For one of the worlds great wines, Chablis gets very little respect these days in the grand scheme of things. It is white Burgundy after all, more geologically than geographically being closer to Champagne than the Côte d'Or, but the name Chablis doesn't carry as much weight as Meursault or Puligny-Montrachet, for example. This wasn't the case some decades ago when California vintners, and many others worldwide, made wines with names like "Pink Blush Chablis" along with their ersatz "Champagne". It was a famous wine back then whose name was synonomous with quality. Talk about counterfeits. Recent legislation has cleared up most of those issues but the damage has clearly been done with a couple of generations of wine drinkers growing up knowing Chablis only as that headache-inducing, slightly sweet white that came in a jug with a little ring handle. While still a fairly difficult wine to find anywhere but specialized retailers of imports, Chablis’ popularity has been growing rapidly over the last decade or so, due in no small part to the efforts of a handful of conscientious growers and importers beating the bushes for great values. Lots of love from high profile wine critics doesn’t hurt either.
The Picq family has farmed vineyards in Chablis for generations and the Gilbert Picq domaine, named for its since retired founder, is now being run by sons Didier and Pascal Picq. Didier is in charge of winemaking and Pascal manages the vineyards while their sister manages the office. A true family domaine. Farming here is done according to the principles of lutte raisonée, literally“reasoned battle” in French (best translated as supervised control oin Englidh). This is a very pragmatic approach to farming where treatments are applied only when absolutely necessary and biodiversity is encouraged in the vineyards to help create balance and natural protection for the vines to decrease the need for such treatments. It’s really a happy medium between convention and the strict requirements for organic certification. Severe pruning and spring de-budding help keep yields down; a necessary first step in making great Burgundy. In the cellar, all wines are fermented on native yeasts and both fermentation and aging take place only in stainless steel.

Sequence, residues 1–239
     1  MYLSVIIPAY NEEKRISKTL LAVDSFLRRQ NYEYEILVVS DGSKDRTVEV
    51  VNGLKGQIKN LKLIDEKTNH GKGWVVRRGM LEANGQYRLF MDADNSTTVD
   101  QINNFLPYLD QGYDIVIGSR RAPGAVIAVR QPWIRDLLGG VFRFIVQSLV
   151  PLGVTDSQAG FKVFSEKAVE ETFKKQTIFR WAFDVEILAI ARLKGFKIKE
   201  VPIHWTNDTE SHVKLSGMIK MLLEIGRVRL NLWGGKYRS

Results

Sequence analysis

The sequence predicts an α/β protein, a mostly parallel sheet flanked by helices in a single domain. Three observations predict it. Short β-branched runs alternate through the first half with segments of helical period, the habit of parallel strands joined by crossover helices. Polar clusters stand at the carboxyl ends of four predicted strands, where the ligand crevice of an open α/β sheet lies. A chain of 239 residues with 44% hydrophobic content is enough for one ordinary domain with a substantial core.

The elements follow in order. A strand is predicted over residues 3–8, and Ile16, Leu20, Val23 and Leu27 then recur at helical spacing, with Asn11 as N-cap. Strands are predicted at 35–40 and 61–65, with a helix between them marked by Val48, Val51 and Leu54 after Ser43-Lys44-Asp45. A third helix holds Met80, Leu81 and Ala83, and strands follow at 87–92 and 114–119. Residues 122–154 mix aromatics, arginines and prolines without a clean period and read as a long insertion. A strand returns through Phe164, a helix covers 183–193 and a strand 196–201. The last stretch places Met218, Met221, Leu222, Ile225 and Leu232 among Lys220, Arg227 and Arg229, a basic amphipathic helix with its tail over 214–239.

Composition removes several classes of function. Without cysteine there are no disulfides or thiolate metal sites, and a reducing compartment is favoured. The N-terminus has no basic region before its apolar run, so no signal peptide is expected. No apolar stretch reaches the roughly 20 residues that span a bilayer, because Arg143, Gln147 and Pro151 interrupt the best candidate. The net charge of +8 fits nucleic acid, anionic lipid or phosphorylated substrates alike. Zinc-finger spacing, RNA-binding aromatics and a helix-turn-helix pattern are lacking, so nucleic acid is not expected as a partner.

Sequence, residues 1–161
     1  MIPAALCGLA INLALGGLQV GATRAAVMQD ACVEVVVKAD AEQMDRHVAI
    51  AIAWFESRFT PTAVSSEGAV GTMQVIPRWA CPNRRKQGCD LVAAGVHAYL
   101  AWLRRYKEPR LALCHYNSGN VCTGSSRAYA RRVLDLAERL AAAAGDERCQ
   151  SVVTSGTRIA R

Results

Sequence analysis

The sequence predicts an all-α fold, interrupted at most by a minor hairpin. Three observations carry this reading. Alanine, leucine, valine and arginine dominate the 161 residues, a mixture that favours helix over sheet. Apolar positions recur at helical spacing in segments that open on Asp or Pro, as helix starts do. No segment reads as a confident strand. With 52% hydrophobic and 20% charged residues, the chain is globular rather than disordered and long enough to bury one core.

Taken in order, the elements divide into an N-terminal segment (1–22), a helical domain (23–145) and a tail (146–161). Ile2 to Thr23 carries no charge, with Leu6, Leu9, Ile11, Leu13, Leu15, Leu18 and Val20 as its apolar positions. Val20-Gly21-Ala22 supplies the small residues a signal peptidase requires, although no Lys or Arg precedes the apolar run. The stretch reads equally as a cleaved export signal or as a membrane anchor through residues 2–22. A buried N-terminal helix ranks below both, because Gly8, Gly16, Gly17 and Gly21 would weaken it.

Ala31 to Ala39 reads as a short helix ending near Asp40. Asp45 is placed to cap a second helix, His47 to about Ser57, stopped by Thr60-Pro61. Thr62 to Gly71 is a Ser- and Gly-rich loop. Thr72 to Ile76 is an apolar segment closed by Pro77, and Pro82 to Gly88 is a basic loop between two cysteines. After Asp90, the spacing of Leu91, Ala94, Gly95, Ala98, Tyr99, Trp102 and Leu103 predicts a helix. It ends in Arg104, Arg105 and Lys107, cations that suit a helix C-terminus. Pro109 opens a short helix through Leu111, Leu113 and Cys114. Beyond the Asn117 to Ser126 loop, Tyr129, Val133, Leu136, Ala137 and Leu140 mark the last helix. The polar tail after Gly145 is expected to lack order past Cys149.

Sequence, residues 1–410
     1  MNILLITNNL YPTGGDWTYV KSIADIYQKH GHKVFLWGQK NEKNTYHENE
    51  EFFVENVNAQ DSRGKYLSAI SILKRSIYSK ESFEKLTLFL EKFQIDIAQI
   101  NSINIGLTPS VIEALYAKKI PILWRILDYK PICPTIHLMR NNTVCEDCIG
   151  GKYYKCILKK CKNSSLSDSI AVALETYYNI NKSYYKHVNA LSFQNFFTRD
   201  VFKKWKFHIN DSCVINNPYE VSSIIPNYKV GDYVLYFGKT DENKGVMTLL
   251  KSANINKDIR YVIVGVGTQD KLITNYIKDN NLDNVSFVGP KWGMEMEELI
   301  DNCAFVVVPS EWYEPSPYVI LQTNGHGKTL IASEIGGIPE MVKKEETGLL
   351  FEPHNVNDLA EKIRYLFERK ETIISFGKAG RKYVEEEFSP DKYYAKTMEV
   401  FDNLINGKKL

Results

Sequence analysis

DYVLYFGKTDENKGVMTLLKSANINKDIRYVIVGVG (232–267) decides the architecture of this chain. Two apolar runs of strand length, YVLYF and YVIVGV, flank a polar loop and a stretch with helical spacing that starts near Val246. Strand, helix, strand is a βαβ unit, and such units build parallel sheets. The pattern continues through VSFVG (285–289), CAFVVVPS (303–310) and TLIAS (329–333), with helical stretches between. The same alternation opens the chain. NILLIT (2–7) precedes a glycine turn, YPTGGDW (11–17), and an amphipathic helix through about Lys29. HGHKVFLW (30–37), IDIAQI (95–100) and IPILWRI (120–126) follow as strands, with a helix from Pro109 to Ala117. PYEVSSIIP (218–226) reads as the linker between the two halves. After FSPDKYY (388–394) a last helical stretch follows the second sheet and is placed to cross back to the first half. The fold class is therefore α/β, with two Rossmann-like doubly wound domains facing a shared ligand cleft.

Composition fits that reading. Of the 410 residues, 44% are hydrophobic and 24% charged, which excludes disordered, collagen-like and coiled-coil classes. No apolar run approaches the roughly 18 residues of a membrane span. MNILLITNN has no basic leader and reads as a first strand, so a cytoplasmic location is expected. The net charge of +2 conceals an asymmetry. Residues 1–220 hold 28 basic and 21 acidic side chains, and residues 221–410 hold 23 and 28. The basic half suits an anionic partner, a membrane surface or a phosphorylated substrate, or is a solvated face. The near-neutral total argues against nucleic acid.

The Dessus le Carriére vineyard, meaning above the quarry, is comprised of two parcels planted in the 1970’s on a huge slab of pure limestone with a thin layer of Kimmeridgian clay and limestone shards above. This is the rock that defines the unique Chablisienne expression of great Chardonnay; wines of depth with racy acidity, powerful minerality and purity of fruit. These two parcels are the first to be harvested and the last to be bottled chez Picq. Even later than the 1er Crus. This particular cuvée has well deserved reputation for being a wine that performs above and beyond its humble AC Chablis village appellation. Flowers, citrus and spice on the nose with subtle stone fruit and Granny Smith apple flavors and a finish of racy minerality. Always the most delicate wine in the cellar, the 2011 is particularly transparent.
I’m not a huge fan of rating wines by any kind of point based ratings systems for wine but I thought that David Schildknechts notes, as always, were worth taking a look at:
It is perhaps not coincidental that these wines, which I have often characterized asamong the finest values in Chablis (and which regularly make my own shipping list) are also grown and crafted by someone who I've come to recognize as among the most humbly down-to-earth, affable and enthusiastic (yet immune to hyperbole) of vignerons [ie. Didier Picq].
David Schildknecht, The Wine Advocate, issue 2008, August 2013.
Chablis Dessus La Carrière 2011
Hints of iodine and lemon zest add intrigue and invigoration to a long, vibrant, resonant finish that takes one way beyond "village level" performance. Look for this extraordinary value to impress and delight through at least 2020. 92 points